Let $G$ be the Cantor set. It is well known that:

  1. $G$ is perfect and hence closed.
  2. $G$ has the cardinality of the continuum.
  3. $G$ has measure zero.
  4. For any set $S \subset \mathbb{R}$ (I will not keep writing that we are in $\mathbb{R}$) we have $S \text{ is closed} \Leftrightarrow S^c \text{ is open}$.
  5. Any open set $O$ can be written as a --- in fact unique --- countable union of disjoint open intervals.

$G^c$ can thus be written as a countable union of disjoint open intervals. We now imagine this union as being superposed on the real line graphically as follows:

R: <<<----(....)---(..)--(.)---------(...)--->>>

where the (...) represents the open disjoint intervals (of differing size) composing $G^c$, and the --- represents the remaining non-covered real numbers (that is those in $G$). Now we can cover $\mathbb{R}$ in its entirety by "collecting" the --- into disjoint closed intervals. Any one of these closed intervals might of course consist of only a single element. We now obtain:

R: <<<[--](....)[-](..)[](.)[-------](...)[-]>>>

Take the union of these disjoint closed intervals. This must be $(G^c)^c = G$. Now it is not hard to imagine a mapping from the (...)'s to the [...]'s. Just take the next (...) in line for each [...] (and do some trivial fixing at the ends). Therefore we have written $G$ as a countable union of disjoint closed sets. However, $G$ has measure zero and therefore cannot contain any closed sets other than the single element type. Hence $G$ is countable. Contradiction.

Where do I go wrong?

  • 2
    $\begingroup$ One note to add to the existing answer: Only the points having a ternary expression ending in either all $2$'s or all $0$'s after a point can be the endpoint of an open interval composing the complement. All the other points only manage to be on the boundary because there are sequences of intervals outside of the set whose endpoints tend there, despite no single interval being witness to this. $\endgroup$ Commented Sep 16, 2016 at 1:42
  • $\begingroup$ @MiloBrandt Thanks for your comment, but I do not quite follow? $\endgroup$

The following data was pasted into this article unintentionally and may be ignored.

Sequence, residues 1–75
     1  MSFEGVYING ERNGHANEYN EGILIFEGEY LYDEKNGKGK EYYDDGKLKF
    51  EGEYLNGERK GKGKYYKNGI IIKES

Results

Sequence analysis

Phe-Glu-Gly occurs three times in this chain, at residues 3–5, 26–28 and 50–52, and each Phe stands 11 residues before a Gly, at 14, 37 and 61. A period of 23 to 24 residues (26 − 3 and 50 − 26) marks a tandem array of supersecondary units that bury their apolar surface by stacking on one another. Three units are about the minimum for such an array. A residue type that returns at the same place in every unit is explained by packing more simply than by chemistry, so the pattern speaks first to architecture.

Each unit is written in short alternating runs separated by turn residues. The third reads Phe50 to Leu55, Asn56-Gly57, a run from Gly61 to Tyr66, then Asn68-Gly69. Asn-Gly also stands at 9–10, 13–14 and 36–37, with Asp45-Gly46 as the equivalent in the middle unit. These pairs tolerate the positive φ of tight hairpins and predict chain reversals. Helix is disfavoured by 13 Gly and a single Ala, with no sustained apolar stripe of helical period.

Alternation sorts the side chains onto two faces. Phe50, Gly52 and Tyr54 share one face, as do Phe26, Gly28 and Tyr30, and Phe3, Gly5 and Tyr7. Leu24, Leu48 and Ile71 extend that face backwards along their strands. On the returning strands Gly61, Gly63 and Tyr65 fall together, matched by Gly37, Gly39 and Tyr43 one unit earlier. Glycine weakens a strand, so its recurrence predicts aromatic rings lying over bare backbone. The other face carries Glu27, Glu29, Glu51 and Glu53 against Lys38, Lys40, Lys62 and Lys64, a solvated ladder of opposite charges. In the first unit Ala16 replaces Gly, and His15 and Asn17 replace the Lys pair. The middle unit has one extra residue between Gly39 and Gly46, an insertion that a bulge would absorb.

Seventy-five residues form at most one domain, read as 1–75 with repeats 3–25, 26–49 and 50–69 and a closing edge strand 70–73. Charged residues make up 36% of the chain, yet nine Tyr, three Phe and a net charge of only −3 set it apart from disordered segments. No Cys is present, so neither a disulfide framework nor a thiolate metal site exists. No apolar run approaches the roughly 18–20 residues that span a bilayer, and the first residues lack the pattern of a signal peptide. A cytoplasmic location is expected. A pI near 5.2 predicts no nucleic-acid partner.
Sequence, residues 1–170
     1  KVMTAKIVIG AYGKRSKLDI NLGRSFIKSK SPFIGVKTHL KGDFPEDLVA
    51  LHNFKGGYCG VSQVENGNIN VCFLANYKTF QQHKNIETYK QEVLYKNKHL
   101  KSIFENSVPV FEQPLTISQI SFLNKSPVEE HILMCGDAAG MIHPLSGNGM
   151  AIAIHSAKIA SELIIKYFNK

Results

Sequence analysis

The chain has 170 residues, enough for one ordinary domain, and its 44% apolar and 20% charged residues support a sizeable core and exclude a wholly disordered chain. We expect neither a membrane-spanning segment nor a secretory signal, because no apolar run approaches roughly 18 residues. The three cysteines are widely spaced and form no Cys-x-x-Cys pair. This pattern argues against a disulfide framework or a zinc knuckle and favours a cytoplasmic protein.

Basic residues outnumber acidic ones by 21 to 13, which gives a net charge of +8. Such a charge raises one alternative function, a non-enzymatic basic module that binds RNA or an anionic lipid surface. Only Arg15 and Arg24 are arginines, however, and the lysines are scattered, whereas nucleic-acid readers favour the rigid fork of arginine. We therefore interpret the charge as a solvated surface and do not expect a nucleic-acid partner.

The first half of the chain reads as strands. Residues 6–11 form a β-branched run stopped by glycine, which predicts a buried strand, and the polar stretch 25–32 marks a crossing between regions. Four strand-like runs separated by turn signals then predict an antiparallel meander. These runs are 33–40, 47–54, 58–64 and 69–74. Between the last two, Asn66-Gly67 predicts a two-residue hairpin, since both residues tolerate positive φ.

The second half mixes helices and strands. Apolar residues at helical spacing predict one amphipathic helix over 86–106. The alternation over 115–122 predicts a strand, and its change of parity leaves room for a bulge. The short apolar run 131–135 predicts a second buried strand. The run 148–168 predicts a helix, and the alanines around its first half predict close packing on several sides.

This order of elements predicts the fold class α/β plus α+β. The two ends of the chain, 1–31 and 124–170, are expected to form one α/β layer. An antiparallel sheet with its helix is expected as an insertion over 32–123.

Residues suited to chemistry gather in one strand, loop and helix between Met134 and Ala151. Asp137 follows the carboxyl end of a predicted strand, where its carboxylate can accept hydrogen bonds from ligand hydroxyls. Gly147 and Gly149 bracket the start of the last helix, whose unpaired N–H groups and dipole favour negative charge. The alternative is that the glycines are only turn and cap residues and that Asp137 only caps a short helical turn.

– Jori
    Commented Sep 16, 2016 at 2:49
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    $\begingroup$ To understand Milo's point, consider the collection of open intervals $\{(\frac 1{n+1}, \frac 1 n) \mid n\in \Bbb Z, n \ne 0, n \ne -1\}$. If you remove the sets from $(-1,1)$, this complement also is a perfect set. Note, though, that $0$ is in the complement, but is not a boundary point of any of these intervals. For the Cantor set, this happens uncountably often. $\endgroup$ Commented Sep 16, 2016 at 13:58

1 Answer 1


You're imagining that the open intervals of $G^c$ are ordered discretely, like the integers, so you have alternating open intervals in $G^c$ and closed intervals in $G$. But actually, the open intervals of $G^c$ are densely ordered, and order-isomorphic to the rationals. As a result, there is no "next (...) in line for each [...]" like you claim there is. There are uncountably many closed intervals (actually, all of them are just single points) in between these open intervals, much like how there are uncountably many irrational numbers in between the rational numbers. There is no "next rational number" after each irrational number that you can use to get a bijection between rationals and irrationals, and the same thing is happening here.

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    $\begingroup$ I knew there was something fishy with that line... I just could not put my finger on it precisely. So basically the problem is that --- by the proof of (5) in fact --- we cannot "zoom in" enough in order to get the discrete picture I proposed (we cannot pick two (...)'s with no (...) in between). Hence the bijection is bogus. Very interesting. I'm just a beginner in analysis and in my opinion this shows some really deep and exciting stuff about the real number line. For some reason I found the problem a lot harder to spot than in your analogy. $\endgroup$
    – Jori
    Commented Sep 15, 2016 at 22:13
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    $\begingroup$ I only now truly realize that even though something might be countable, it might not be possible to count them in an arbitrary order. This must mean that we cannot make infinite changes to functions and still consider them generally valid functions. Otherwise I could just take your favorite f : N -> Q and just interchange every pair that is not ordered right. This even though a single interchange is obviously allowed. In simple terms: what is order-isomorphism? $\endgroup$
    – Jori
    Commented Sep 15, 2016 at 22:19
  • $\begingroup$ I find this is some sense very counter intuitive. You would expect that we can make infinite arbitrary changes to functions if every step was valid in the process and interpret them as such. Are there other examples of this phenomena that are somewhat more clearly absurd? Anyhow, many many thanks for your answer! +1 $\endgroup$
    – Jori
    Commented Sep 15, 2016 at 22:22
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    $\begingroup$ The problem with "interchanging every pair" is that a single element might end up changing spots infinitely many times, and then there is no way to define where it ends up "in the limit". For an example that is more obviously absurd, here is a "proof" that there is a natural number $n\in\mathbb{N}$ such that $n>m$ for all $m\in\mathbb{N}$. The proof is to start with one natural number $n$, and then one by one modify it so that it is larger than each $m\in\mathbb{N}$. After doing this infinitely many times, you've found a natural number $n$ that is greater than every $m$! $\endgroup$ Commented Sep 15, 2016 at 22:34
  • $\begingroup$ Thank-you that was very helpful. $\endgroup$
    – Jori
    Commented Sep 15, 2016 at 23:11

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